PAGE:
University of Kentucky The Administration Building: A History
By Frank Stanger, Reference Archivist
Administration Building circa 1905 (Photo courtesy of UK University Archives and Records Program)
In 1878 the Kentucky legislature severed the official connection between the Agricultural and Mechanical College of Kentucky (later the University of Kentucky) and Kentucky University, a private sectarian school of which the A&M College had been a department. The resultant loss of the College's first home on the Ashland-Woodlands campus necessitated the acquisition of a new tract of land on which to site the A&M buildings. The fifty-two-acre city park and old fairgrounds on Limestone Street, just south of the downtown portion of the city, were donated by the municipality of Lexington for this purpose. On this location were erected between 1880 and 1882 the independent College's first structures -- a men's dormitory (later named White Hall), the President's house, the campus heating plant, and the Administration Building.
Designed by Architect H.P. McDonald, the building was built of brick fashioned from campus clays and stone, at a cost of $81,000. It opened in 1882. A year previous, when funding for construction failed, President James Kennedy Patterson pledged his entire personal fortune as collateral against the money borrowed to complete the project. Solemn dedicatory ceremonies on February 15, 1882, which included White Hall and the President's house, were attended by, among other notables, the Governor, Lieutenant Governor, and Speaker of the House of Representatives of the Commonwealth, and featured the Honorable Henry Watterson as Orator of the Day.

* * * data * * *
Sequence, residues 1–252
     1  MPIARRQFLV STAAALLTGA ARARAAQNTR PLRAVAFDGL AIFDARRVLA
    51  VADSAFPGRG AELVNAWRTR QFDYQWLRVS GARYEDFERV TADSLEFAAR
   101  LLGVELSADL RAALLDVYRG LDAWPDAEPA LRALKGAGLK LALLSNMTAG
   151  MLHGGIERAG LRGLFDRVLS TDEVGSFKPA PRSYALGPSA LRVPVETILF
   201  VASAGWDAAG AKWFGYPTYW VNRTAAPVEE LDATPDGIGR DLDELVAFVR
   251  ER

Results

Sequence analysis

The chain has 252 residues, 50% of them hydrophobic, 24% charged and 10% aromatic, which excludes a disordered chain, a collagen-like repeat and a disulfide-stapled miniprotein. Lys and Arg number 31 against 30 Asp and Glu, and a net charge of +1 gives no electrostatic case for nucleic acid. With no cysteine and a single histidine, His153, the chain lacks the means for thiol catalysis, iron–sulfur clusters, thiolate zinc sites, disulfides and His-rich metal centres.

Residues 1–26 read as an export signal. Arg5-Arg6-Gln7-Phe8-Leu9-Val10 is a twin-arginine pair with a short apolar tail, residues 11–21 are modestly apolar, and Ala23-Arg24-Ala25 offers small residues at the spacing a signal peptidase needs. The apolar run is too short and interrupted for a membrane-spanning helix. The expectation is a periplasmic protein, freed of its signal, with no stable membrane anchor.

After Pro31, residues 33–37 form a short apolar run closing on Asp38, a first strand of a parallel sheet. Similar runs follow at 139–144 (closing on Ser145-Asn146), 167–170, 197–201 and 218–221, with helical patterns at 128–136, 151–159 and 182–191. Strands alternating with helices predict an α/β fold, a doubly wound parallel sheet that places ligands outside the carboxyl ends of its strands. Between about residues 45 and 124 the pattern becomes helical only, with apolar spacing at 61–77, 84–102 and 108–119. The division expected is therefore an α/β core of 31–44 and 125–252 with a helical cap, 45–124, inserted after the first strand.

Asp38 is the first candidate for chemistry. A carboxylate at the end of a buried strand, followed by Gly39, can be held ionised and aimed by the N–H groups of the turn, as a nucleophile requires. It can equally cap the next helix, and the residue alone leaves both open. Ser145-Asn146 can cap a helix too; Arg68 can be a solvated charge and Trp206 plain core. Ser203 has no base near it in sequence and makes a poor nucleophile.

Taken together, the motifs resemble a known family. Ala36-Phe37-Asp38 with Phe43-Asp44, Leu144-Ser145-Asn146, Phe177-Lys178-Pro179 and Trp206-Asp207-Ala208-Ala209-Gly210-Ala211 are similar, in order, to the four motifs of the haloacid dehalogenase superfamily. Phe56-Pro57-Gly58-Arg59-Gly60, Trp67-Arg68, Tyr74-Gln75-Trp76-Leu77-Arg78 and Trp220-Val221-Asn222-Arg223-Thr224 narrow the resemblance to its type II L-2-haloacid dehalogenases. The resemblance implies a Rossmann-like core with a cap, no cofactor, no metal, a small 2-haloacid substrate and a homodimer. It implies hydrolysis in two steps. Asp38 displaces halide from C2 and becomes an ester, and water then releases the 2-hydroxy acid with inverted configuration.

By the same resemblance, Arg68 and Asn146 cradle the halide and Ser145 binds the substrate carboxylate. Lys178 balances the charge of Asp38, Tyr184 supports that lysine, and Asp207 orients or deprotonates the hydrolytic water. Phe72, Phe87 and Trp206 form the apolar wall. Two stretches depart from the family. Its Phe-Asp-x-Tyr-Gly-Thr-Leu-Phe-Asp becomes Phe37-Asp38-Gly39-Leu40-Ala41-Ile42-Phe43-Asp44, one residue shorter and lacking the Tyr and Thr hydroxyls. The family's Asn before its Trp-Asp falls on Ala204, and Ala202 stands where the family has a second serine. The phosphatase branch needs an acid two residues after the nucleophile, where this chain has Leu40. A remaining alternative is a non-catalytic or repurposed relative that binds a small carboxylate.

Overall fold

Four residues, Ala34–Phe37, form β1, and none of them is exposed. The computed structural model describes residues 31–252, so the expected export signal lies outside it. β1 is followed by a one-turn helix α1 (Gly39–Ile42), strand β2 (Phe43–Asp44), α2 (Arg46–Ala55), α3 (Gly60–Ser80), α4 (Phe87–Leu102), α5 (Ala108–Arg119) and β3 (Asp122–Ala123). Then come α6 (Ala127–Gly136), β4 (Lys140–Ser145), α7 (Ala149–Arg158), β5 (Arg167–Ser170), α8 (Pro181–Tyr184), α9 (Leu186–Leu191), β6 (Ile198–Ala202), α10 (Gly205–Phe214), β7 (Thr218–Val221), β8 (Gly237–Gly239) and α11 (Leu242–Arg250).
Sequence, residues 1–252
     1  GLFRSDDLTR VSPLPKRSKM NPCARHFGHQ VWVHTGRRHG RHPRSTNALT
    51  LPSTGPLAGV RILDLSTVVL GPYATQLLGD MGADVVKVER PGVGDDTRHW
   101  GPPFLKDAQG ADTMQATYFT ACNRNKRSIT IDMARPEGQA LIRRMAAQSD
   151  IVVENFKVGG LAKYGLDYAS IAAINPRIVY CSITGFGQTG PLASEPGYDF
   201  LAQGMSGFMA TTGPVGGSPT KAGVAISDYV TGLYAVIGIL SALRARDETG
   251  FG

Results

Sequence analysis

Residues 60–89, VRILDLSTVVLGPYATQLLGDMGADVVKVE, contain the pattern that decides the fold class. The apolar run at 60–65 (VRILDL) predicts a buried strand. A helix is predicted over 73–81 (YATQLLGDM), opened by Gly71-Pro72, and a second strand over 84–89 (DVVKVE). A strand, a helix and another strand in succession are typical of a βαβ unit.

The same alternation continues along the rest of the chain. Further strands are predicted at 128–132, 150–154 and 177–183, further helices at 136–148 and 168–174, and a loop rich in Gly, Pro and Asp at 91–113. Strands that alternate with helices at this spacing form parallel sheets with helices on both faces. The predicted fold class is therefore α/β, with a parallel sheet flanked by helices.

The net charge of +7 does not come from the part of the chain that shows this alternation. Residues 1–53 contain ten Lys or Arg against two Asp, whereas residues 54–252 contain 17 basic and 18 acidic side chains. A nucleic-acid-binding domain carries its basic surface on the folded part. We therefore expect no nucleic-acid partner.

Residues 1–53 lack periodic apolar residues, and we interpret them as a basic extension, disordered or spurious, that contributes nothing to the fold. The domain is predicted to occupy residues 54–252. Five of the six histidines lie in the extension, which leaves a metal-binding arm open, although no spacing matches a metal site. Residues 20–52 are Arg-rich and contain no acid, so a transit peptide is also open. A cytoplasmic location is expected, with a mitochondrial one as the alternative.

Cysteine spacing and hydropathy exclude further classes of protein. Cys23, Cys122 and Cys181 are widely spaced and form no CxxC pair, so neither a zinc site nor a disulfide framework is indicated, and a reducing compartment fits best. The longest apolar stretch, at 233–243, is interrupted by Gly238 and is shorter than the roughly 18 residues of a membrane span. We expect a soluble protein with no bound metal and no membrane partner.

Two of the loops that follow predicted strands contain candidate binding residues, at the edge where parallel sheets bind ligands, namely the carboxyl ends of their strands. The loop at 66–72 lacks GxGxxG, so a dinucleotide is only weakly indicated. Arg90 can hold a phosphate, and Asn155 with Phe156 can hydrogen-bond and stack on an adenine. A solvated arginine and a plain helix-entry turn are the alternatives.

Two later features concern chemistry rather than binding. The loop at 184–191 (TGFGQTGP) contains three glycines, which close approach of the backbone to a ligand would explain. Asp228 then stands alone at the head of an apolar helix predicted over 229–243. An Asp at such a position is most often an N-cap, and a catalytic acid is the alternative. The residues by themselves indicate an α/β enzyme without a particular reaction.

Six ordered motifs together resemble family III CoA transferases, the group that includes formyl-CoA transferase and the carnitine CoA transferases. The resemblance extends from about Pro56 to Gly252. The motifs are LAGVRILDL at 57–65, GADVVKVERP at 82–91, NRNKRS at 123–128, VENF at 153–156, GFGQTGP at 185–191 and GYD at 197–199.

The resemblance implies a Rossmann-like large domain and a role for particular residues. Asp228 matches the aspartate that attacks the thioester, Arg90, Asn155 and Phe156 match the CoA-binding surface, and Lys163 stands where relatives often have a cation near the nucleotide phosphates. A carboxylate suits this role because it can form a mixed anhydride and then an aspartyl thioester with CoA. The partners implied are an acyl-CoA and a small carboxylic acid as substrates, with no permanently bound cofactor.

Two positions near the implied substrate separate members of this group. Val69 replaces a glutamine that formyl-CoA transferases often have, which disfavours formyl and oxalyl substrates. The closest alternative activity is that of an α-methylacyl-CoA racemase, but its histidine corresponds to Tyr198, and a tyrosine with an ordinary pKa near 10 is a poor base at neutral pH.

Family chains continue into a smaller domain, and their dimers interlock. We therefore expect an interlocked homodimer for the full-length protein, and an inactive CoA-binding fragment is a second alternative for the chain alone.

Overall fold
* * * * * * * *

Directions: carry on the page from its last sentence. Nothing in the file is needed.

In the early days of State College, the Main, or College Building, as it was then called, encompassed the administrative operation and academic instruction of the institution in its entirety. Originally housed in the building were all campus offices, classrooms, and related facilities including: the College armory and the classrooms used by the Commandant of Cadets; a shop; the President's Office (equipped with fireplaces and a classroom); a natural history museum; two laboratories; the Normal, French, German, English, Mathematics, Classical, and Preparatory departments; an assembly room containing an organ; a smaller chapel (which was able to seat the entire student body, faculty, and staff); the headquarters of the Union Literary and Philosophian societies; and the Kentucky Geological Survey.
Gracing the roof of the building was a tower crowned by a cupola, 157 feet in height. The cupola featured a clock (supposedly built by a professor) and a "captain's walk", and housed the local Weather Observatory. This structure was progressively dismantled and shortened or altered and after 1919 the roof of the edifice manifested the "flattened", gabled appearance which characterized it until the recent fire.
Administration Building circa 1920 (Photo courtesy of UK University Archives and Records Program)
During the administration of President Henry Stites Barker (1911-17) a project to reconstruct the frontal fa¡ade of the three-story, Victorian-style building with the addition of stone pillars, was initiated and later abandoned. A post office and bookstore were created in the basement in 1918 (both removed in 1925). A cafeteria was opened in 1919, which served the campus for ten years.
In the spring of 1948, with the removal of the Ancient Languages and Political Science departments to new quarters, the Administration Building for the first time housed only University administrative departments. These included the offices of the President, Vice President, Dean, Comptroller, Registrar, Dean of Men, Dean of Women, the Information and Personnel offices, and the Public Relations Department. Interior renovations of the structure, varying in extent and scope, were carried out in 1929, 1939-40, and 1964.
Administration Building 1967 (Photo courtesy of UK University Archives and Records Program)
A fire on May 15, 2001, presumably ignited by a welding torch as repairs and renovations of the building's guttering were in progress, destroyed its roof, gutted its second and third floors, and left the first floor and basement flooded and water-damaged. The University's Board of Trustees on June 20 of that year approved a proposal to restore and reconstruct the building, and interior and exterior design planning began immediately.